Integrating high-speed videos in capture-mark-recapture studies of insects

Rassim Khelifa
Capture-mark-recapture (CMR) studies have been used extensively in ecology and evolution. While it is feasible to apply CMR in some animals, it is considerably more challenging in small fast-moving species such as insects. In these groups, low recapture rates can bias estimates of demographic parameters, thereby, handicapping effective analysis and management of wild populations. Here we use high-speed videos (HSV) to capture two large dragonfly species, Anax junius and Rhionaeschna multicolor, that rarely land and,...

Human-induced reduction in mammalian movements impacts seed dispersal in the tropics

Marlee Tucker, Michela Busana, Mark Huijbregts & Adam Ford
Seed dispersal is a key process affecting the structure, composition and spatial dynamics of plant populations. Numerous plant species in the tropics rely upon animals to disperse their seeds. Humans have altered mammalian movements, which will likely affect seed dispersal distances (SDD). Altered SDD may have a range of consequences for plant communities including reduced seedling recruitment and plant biomass, seed trait homogenization, altered gene flow and a reduced capacity to respond to environmental changes....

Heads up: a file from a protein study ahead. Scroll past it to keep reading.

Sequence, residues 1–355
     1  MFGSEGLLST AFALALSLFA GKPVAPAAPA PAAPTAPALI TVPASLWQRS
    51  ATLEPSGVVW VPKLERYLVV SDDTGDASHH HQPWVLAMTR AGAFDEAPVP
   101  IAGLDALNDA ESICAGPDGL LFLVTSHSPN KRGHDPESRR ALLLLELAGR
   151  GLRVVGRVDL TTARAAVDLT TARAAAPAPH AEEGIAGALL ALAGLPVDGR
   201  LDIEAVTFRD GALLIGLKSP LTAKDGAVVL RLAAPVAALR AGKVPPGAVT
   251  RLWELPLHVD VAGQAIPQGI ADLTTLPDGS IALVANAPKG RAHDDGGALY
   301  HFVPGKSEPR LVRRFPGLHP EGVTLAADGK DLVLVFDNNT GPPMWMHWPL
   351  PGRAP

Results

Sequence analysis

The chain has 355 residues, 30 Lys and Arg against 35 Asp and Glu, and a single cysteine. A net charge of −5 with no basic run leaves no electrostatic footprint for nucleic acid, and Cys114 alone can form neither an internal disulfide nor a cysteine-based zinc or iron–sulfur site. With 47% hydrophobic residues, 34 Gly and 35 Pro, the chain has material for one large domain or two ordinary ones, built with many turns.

Data from: Evidence for ephemeral ring species formation during the diversification history of Western Fence Lizards (Sceloporus occidentalis)

Nassima Bouzid, James Archie, Roger Anderson, Jared Grummer & Adam Leaché
Divergence is often ephemeral, and populations that diverge in response to regional topographic and climatic factors may not remain reproductively isolated when they come into secondary contact. We investigated the geographic structure and evolutionary history of population divergence within Sceloporus occidentalis (Western Fence Lizards), a habitat generalist with a broad distribution that spans the major biogeographic regions of Western North America. We used double digest RAD sequencing to infer population structure, phylogeny, and demography. Population...

Data for: Nectar-dwelling microbes of common tansy are attractive to its mosquito pollinator, Culex pipiens

Daniel Peach, C. Carroll, S. Meraj, S. Gomes, E. Galloway, A. Balcita, H. Coatsworth, N. Young, Y. Uriel, R. Gries, C. Lowenberger, M. Moore & G. Gries